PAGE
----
Skip to main content

Another vertical farm comes to Saudi Arabia

Vertical farming has great potential to help alleviate rising desertification in the Middle East, which could threaten the region’s food supply in the future.
A picture shows the UAE's al-Badia Farms in Dubai, an indoor vertical farm using innovative hydroponic technology.

Saudi Arabia will soon receive a new vertical farm. 

The Saudi agriculture technology company Mowreq and YesHealth Group, another agrotech firm based in Taiwan, established a joint venture today to develop a network of vertical farms throughout Saudi Arabia. They will start by building a vertical farm in the capital, Riyadh. The venture, named Vertical Farms Company, aims for the farm to be operational by the fourth quarter of 2023, they said in a press release. 

What it means: Vertical farming is the process of growing food in vertically stacked layers in an indoor space. It utilizes technology to grow plants in the air or in water as opposed to soil. Some vertical farms use fish to generate nutrients, while others use solutions containing nutrients. Artificial light is also used instead of sunlight. 

Vertical farming aims to address the fact that the world population is growing but arable land is not, thus creating food security concerns. 

Vertical farming has numerous upsides. It requires significantly less space than traditional farming and also uses fewer chemicals and less water, thus making it potentially beneficial to the environment.

Why it matters: Vertical farming could be particularly helpful in the Middle East due to increasing desertification in the region. Saudi Arabia has not been immune to this, and the Saudi government has started addressing desertification in recent years. In October, the kingdom planted 12 million trees to combat desertification. 

Saudi Arabia in particular has the necessary capital to invest in vertical farming due to its vast oil wealth

The kingdom already has some vertical farms. Naeem Farms has a vertical farm in the Red Sea city of Jeddah. Mowreq also has a vertical farm in the city. iFarm was also scheduled to launch a vertical salad farm in Riyadh last October, though it is unclear if the farm is operational yet. 

Saudi Arabia does not have food shortage issues at present, but its war-torn southern neighbor, Yemen, does. The United Nations has been warning for years that many Yemenis live with famine conditions

Know more: Saudi entities have invested in numerous other green technology projects recently. The Saudi energy company ACWA Power also announced this week a major solar power plant project in the kingdom. The Saudi Public Investment Fund also recently unveiled plans for an electric vehicle company and a renewable-energy-powered airport in Riyadh

Join hundreds of Middle East professionals with Al-Monitor PRO.

Business and policy professionals use PRO to monitor the regional economy and improve their reports, memos and presentations. Try it for free and cancel anytime.

Already a Member? Sign in


The Middle East's Best Newsletters

Join over 50,000 readers who access our journalists dedicated newsletters, covering the top political, security, business and tech issues across the region each week.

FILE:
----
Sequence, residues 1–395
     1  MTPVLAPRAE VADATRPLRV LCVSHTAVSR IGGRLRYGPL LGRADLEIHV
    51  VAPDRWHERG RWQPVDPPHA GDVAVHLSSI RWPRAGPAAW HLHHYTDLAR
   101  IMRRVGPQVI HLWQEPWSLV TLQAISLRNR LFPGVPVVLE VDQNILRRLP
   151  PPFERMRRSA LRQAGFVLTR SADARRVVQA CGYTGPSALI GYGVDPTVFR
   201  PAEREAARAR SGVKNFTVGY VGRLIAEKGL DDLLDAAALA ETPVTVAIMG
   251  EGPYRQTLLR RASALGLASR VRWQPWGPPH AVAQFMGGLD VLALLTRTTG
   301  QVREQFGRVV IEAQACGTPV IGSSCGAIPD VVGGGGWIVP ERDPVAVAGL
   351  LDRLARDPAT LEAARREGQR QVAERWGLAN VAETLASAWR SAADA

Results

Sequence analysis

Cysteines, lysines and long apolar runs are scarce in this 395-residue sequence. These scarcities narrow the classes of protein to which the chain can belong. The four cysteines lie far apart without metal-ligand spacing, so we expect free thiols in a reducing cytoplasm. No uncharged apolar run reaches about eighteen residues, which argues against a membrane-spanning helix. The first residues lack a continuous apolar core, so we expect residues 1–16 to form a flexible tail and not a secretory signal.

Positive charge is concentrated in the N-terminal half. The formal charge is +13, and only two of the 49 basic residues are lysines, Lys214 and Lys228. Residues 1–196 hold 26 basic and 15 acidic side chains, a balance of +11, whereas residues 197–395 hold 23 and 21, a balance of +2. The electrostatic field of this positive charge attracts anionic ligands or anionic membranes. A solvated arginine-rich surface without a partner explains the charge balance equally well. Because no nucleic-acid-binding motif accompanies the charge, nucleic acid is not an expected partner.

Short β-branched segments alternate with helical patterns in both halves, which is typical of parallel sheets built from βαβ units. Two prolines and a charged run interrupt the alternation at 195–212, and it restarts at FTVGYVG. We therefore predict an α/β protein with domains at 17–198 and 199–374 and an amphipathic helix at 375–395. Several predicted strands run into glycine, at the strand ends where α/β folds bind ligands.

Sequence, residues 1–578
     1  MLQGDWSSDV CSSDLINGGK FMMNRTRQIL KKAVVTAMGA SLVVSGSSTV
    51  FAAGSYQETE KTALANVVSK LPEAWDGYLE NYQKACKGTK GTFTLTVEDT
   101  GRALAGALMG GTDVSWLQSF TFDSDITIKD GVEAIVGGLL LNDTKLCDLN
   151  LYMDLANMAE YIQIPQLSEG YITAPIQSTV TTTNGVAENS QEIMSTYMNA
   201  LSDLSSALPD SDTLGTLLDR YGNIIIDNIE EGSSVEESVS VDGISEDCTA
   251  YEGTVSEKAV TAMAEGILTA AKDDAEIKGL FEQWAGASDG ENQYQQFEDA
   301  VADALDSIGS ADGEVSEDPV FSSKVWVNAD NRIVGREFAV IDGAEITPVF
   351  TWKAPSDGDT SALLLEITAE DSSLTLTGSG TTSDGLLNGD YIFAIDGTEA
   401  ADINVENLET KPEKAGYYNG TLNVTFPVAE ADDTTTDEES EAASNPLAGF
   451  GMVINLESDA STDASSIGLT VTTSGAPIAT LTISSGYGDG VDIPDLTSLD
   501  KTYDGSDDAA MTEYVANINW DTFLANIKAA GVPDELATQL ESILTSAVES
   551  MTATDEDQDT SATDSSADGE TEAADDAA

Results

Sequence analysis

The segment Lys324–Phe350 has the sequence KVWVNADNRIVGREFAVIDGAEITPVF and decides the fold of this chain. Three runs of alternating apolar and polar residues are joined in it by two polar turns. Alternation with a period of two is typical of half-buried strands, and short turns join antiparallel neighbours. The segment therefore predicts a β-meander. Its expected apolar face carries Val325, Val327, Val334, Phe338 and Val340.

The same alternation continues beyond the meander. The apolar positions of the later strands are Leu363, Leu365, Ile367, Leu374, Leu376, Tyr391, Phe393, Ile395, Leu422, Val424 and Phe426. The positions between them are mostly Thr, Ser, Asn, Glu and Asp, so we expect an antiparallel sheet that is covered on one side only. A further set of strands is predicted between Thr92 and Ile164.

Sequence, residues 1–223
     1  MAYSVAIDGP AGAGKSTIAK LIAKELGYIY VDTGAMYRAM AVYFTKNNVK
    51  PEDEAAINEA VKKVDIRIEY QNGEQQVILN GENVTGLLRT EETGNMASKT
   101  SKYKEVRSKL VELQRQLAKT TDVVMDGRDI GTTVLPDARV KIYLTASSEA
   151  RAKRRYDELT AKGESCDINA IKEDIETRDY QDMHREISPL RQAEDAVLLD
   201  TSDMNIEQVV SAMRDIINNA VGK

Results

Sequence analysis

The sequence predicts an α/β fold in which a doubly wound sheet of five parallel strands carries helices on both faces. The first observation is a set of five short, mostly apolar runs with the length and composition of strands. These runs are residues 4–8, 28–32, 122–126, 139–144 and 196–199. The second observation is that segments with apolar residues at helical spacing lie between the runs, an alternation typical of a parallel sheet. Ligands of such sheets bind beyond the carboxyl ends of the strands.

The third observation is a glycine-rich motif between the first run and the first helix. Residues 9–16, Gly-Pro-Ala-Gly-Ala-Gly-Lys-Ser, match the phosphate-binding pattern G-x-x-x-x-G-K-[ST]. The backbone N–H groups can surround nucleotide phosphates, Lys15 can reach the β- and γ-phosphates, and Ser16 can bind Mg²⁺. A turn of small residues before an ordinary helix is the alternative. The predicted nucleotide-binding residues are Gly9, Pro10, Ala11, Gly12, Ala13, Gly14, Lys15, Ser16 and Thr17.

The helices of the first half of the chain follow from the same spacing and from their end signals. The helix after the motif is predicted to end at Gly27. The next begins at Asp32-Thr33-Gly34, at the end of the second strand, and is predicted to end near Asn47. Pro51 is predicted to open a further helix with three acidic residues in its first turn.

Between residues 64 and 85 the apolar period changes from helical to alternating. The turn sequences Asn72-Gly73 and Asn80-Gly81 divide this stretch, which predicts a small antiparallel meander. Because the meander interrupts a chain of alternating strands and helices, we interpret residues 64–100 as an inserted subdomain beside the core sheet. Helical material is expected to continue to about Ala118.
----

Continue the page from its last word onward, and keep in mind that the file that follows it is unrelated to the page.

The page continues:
Delivered straight to your inbox.


What's included:
Our Expertise

Free newsletters available:

  • The Takeaway & Week in Review
  • Middle East Minute (AM)
  • Daily Briefing (PM)
  • Business & Tech Briefing
  • Security Briefing
  • Gulf Briefing
  • Israel Briefing
  • Palestine Briefing
  • Turkey Briefing
  • Iraq Briefing

Premium Membership

Join the Middle East's most notable experts for premium memos, trend reports, live video Q&A, and intimate in-person events, each detailing exclusive insights on business and geopolitical trends shaping the region.

$25.00 / month
billed annually

Become Member Start with 1-week free trial
What's included:
Our Expertise AI-driven

Memos - premium analytical writing: actionable insights on markets and geopolitics.

Live Video Q&A - Hear from our top journalists and regional experts.

Special Events - Intimate in-person events with business & political VIPs.

Trend Reports - Deep dive analysis on market updates.

All premium Industry Newsletters - Monitor the Middle East's most important industries. Prioritize your target industries for weekly review:

  • Capital Markets & Private Equity
  • Venture Capital & Startups
  • Green Energy
  • Supply Chain
  • Sustainable Development
  • Leading Edge Technology
  • Oil & Gas
  • Real Estate & Construction
  • Banking

We also offer team plans. Please send an email to and we'll onboard your team.

Already a Member? Sign in

Gulf Briefing Gulf Briefing

Gulf Briefing

Top GCC stories in your inbox each week

Trend Reports

Saudi Crown Prince Mohammed bin Salman (4th R) attends a meeting with Chinese President Xi Jinping (3rd L) at the Great Hall of the People in Beijing on February 22, 2019. (Photo by HOW HWEE YOUNG / POOL / AFP) (Photo credit should read HOW HWEE YOUNG/AFP via Getty Images)

From roads to routers: The future of China-Middle East connectivity

A general view shows the solar plant in Uyayna, north of Riyadh, on March 29, 2018. - On March 27, Saudi announced a deal with Japan's SoftBank to build the world's biggest solar plant. (Photo by FAYEZ NURELDINE / AFP) (Photo credit should read FAYEZ NURELDINE/AFP via Getty Images)

Regulations on Middle East renewable energy industry starting to take shape

Start your PRO membership today.

Join the Middle East's top business and policy professionals to access exclusive PRO insights today.

Join Al-Monitor PRO Start with 1-week free trial